|Bank May Be Liable for Conversion for Cashing Check without Endorsement|
|Description||Wisconsin high court held that a financial advisor who cashed a client’s check exceeded his limited powers of attorney, and so was liable for conversion. The bank that processed the check without endorsement by the payee may be liable for conversion for failure to follow reasonable banking procedures.|
|Topic||Negotiable Instruments and Credit|
|Key Words||Check; Endorsement; Conversion; Power of Attorney|
|C A S E S U M M A R Y|
|Facts||Putnam Mutual Funds had limited powers of attorney, executed by client Schmitz, in favor of his financial advisor with respect to certain investments. Schmitz’s financial advisor at Putnam deposited two checks made out to Schmitz into the account of Georgetown Financial without Schmitz’s knowledge. Firstar Bank cashed the checks without Schmitz’s signature, but with Putnam’s stamp on the back. Schmitz sued Putnam and Firstar for conversion. The district court held for defendants. Schmitz appealed.|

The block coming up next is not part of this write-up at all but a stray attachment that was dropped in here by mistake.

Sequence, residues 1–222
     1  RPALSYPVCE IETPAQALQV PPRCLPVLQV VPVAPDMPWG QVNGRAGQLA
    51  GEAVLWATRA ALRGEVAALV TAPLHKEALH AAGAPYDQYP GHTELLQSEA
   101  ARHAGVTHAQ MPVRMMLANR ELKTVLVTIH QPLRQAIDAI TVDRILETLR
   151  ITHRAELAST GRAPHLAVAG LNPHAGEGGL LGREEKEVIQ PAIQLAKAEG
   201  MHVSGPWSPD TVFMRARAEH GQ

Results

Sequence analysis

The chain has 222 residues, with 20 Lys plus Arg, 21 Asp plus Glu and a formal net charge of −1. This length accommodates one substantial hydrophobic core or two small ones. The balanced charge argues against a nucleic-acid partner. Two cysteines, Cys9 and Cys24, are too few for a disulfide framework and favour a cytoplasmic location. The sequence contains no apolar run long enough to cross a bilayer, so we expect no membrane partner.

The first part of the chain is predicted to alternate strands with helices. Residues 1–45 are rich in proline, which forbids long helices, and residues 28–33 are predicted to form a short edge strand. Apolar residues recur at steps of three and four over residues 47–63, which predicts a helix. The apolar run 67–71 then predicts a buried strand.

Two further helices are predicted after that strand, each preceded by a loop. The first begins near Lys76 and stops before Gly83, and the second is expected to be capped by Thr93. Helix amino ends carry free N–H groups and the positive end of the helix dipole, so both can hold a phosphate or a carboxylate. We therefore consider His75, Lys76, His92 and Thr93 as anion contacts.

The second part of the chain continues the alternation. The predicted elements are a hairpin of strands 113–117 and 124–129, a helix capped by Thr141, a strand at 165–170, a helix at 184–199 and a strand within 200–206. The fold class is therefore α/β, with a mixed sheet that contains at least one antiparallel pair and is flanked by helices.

Reversed. The limited powers of attorney gave Putnam no authority to endorse and deposit checks from Schmitz’s accounts that were not listed on the forms he signed. Powers of attorney are strictly construed and interpreted to grant only those powers that are clearly specified. So Putnam converted Schmitz’s funds. Liability on the part of the bank will have to be determined at trial. Whether the bank “acted in good faith or in accordance with reasonable commercial standards” under §403 of the UCC has yet to be tried. In general, accepting a check with the payee’s endorsement missing is not in accordance with reasonable commercial standards of banking.
|Citation||Schmitz v. Firstar Bank Milwaukee, 658 N.W.2d 442 (Sup. Ct., Wisc., 2003)|
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